The sixties was a turbulent time, especially for African
Americans. As a way of preserving African American
culture, Dr. Maulana Karenga created a cultural holiday
from December 26 through January 1.
In 1966 Kwanzaa was born out of a need for all African
Americans, regardless of their religious beliefs, to
come together and celebrate family, tradition and
Kwanzaa’s roots are derived from a Swahili term known as
“matunda ya kwanza” or first fruits. It has been the
focus of a seven day event which not only encompasses
the African tradition but is based on the Pan-African
language which is primarily spoken in Africa today.
Similar to New Years, Kwanzaa represents the passing of
one year and the welcoming of a new year to come. It is
a time of reflection in which African roots are observed
much as they were during ancient times when African
harvest or first fruit celebrations represented five
functions which included: the reaffirmation or
“ingathering” of people to bond together, giving thanks
to the creator, recognizing and honoring ancestors,
honoring cultural values and celebrating life as a
family, a community and existence as a people.
In addition, within the Kwanzaa history are Seven
Principles also known as Nguzo Seba which are part of
the seven-day celebration. When African Americans
reinforce their values rooted in their ancient culture.
The Seven Principles are as follows
Umoja (Unity) - to strive for and maintain unity
in the family, community, nation and race.
Kujichagulia (Self-Determination) - to define
ourselves, name ourselves, create for ourselves and
speak for ourselves.
Ujima (Collective Work and Responsibility) - to
build and maintain our community together and make our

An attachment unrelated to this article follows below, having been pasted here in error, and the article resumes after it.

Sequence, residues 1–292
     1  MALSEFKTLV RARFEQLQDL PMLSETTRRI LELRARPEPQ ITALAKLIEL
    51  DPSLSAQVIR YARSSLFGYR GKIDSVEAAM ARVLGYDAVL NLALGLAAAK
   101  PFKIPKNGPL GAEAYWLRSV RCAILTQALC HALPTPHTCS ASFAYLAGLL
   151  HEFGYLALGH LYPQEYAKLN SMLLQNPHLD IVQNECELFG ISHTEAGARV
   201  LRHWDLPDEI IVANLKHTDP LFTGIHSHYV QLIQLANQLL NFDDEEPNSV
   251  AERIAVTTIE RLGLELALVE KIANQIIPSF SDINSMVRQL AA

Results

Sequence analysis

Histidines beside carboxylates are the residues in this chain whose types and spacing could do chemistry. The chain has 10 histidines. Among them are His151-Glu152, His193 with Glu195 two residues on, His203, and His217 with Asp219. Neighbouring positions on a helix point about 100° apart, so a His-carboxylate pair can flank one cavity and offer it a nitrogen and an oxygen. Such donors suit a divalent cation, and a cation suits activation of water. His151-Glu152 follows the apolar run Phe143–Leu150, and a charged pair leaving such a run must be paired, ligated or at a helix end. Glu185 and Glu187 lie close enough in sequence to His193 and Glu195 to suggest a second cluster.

brother's and sister's problems our problems and to
solve them together.
Ujamaa (Cooperative Economics) - to build and
maintain our own stores, shops and other businesses and
to profit from them together.
Nia (Purpose) - to make our collective vocation
the building and developing of our community in order to
restore our people to their traditional greatness.
Kuumba (Creativity) - to do always as much as we
can, in the way we can, in order to leave our community
more beautiful and beneficial than we inherited it.
Imani (Faith) - to believe with all our heart in
our people, our parents, our teachers, our leaders and
the righteousness and victory of our struggle.
On each of the seven nights of Kwanzaa, celebrants gather to light the
candles and share their thoughts about that day's
principle. Each gathering includes discussions and
activities representing Kwanzaa's five fundamental
concepts: unity of family, friends, and community
reverence for the creator and creation, which
encompasses an appreciation of, and respect for, the
commemoration of the past, which includes honoring one's
ancestors and valuing one's heritage
commitment to the cultural ideals of the African
community, which include truth, justice, and mutual
a celebration of the "Good of Life" and appreciation for
the blessings of achievement, family, and community
The most joyous and elaborate of Kwanzaa's gatherings
takes place on December 31, the 6th day of the holiday
period. On that night, a great feast (karamu) is held.
Families and friends gather to eat, drink, sing, dance,
and read stories and poems celebrating their cultural
heritage. Everyone sips from the unity cup and many
people exchange gifts.
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